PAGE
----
As always, it’s the fear of sanctions that provides the leverage Trump seeks in this cat-and-mouse game with Iran. And this time, the leverage is over Iraq, which would like to see both American and Iranian forces out of the country, for obvious reasons.
There is nothing ISIS would love more than this.
It would also devastate Iraq because the sanctions threatened would include blocking access to Iraq’s U.S.-based account where all the oil revenues are kept. That threat stands if Iraq moves to kick U.S. forces out of the country.
That would mean victory for Iran (temporarily). Kicking out Iranian forces is not nearly as simple because the line between state and non-state actors is blurred, at best.
A few weeks ago, a U.S. drawdown of military forces in Iraq was already expected, but that now seems unlikely because of the implications.
The very military base that Iran attacked following the assassination of General Soleimani was already preparing for a drawdown.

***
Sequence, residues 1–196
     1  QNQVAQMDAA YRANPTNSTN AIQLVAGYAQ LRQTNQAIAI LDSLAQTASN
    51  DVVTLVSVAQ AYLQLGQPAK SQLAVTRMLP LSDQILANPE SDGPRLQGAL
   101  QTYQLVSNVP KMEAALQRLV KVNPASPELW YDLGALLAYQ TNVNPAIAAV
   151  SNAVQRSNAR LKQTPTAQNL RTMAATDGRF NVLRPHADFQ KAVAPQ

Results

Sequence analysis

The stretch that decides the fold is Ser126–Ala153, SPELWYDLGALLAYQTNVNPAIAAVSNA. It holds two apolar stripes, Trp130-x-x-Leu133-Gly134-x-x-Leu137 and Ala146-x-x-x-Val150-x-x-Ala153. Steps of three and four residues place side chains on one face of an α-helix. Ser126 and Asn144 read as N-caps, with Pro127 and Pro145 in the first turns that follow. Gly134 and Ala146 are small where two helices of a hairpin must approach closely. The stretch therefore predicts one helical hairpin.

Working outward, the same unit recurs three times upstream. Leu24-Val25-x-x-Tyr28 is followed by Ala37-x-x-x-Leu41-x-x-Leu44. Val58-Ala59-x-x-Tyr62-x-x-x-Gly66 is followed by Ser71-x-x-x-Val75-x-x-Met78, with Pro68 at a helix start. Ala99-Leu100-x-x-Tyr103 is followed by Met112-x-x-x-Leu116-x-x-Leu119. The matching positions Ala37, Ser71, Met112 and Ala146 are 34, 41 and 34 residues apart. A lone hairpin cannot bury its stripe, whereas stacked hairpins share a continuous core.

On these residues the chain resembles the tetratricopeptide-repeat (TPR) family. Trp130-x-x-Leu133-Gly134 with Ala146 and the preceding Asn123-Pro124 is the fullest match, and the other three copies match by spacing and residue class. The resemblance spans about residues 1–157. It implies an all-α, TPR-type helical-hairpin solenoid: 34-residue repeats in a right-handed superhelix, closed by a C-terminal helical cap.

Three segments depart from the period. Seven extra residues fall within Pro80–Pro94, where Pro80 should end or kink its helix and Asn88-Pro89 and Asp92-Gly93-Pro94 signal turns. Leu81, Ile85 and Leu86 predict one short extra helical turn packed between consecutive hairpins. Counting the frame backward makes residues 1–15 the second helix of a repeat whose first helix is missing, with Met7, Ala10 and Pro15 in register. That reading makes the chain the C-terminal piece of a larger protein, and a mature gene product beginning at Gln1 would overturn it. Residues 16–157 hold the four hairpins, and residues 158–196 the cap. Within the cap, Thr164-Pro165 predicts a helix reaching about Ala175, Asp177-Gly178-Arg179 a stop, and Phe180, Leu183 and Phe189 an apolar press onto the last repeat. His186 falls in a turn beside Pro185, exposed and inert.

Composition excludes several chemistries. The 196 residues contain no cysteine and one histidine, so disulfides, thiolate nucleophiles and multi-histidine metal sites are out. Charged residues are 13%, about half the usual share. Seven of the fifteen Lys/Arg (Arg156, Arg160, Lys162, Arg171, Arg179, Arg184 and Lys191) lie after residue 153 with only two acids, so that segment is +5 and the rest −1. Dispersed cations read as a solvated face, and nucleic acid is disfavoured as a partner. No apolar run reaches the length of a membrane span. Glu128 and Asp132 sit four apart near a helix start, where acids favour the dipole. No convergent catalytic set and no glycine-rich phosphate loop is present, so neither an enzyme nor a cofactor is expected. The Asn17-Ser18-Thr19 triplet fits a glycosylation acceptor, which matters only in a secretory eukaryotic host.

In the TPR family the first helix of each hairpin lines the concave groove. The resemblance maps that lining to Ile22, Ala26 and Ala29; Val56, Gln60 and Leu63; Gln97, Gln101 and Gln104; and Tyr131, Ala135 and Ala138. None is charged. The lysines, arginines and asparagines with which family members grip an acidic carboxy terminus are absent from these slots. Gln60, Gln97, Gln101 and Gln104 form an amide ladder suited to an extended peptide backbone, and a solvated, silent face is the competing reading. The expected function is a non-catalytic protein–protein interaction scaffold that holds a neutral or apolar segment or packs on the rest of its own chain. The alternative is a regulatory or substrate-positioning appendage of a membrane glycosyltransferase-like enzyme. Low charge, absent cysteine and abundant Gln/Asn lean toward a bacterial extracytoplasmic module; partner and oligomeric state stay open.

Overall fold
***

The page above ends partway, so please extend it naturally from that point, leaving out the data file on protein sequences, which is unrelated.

In addition to the threat of sanctions on oil money, a U.S. withdrawal would likely open the door for an ISIS return.
What Iraqis Want
There is no consensus on this question, other than the fact that no one wants Iraq to be the proxy battleground between the United States and Iran.
It’s a fair point, and Iraqis have had a very difficult time enjoying anything close to sovereignty since the fall of Saddam Hussein.
While the Iraqi parliament has voted for U.S. troops to leave, they do not represent a unified voice. The Sunni elements of parliament did not participate in the vote. Neither did the Iraqi Kurds.
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